Every affirmative answer increases your risk of getting cavities!
Now that you are a little more knowledgeable about your personal risk for tooth decay, make an appointment with us to discuss the preventative measures that can give you some control over the future condition of your teeth. Ignoring the risks and then ending up with a mouth full of rotting teeth when you knew better could really sting a little!
To learn even more about the delicate balance between the disease causing and protective factors related to tooth decay, read the Dear Doctor magazine article “Tooth Decay: How To Assess Your Risk.”
If you have missing teeth, dental implants are the state-of-the-art tooth replacement system. They act as substitutes for natural tooth roots, stabilizing the bone with which they fuse and become integrated with. This protects the remaining bone and prevents its further loss, the natural occurrence after the natural teeth are lost. Done correctly, implants can offer a long-term solution to the problem of missing teeth.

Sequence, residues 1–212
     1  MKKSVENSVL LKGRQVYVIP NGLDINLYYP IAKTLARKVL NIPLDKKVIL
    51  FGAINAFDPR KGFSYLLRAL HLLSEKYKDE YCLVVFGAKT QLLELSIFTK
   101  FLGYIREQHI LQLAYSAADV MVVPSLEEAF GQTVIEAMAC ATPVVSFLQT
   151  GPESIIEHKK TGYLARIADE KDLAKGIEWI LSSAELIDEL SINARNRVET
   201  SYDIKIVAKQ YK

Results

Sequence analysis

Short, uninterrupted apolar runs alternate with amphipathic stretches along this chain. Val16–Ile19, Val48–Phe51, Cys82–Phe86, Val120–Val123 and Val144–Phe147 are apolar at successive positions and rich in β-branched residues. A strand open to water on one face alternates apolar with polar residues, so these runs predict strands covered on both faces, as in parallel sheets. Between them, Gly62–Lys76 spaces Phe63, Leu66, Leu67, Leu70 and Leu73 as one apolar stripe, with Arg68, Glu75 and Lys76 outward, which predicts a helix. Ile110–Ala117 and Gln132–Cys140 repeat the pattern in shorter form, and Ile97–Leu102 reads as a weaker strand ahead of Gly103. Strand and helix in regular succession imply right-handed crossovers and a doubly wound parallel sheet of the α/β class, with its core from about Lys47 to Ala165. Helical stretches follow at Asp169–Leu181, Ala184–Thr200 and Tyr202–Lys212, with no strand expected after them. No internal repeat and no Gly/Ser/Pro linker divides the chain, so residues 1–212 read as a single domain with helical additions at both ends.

Key factors assuring dental implant success are having an experienced dental team consisting of:
- A surgeon (periodontist or oral surgeon, or dentist trained in surgical techniques to place the implants)
- A dental technician who will design the crowns (tooth portion of the implant)
- A restorative dentist to place the crowns
The whole team is necessary to plan the process as well as carry out their individual roles. They will ensure that there is enough bone and that it is in the right place prior to treatment to allow for proper implant position, and that the implant/s are correctly placed, which is necessary to allow for natural aesthetics and proper function.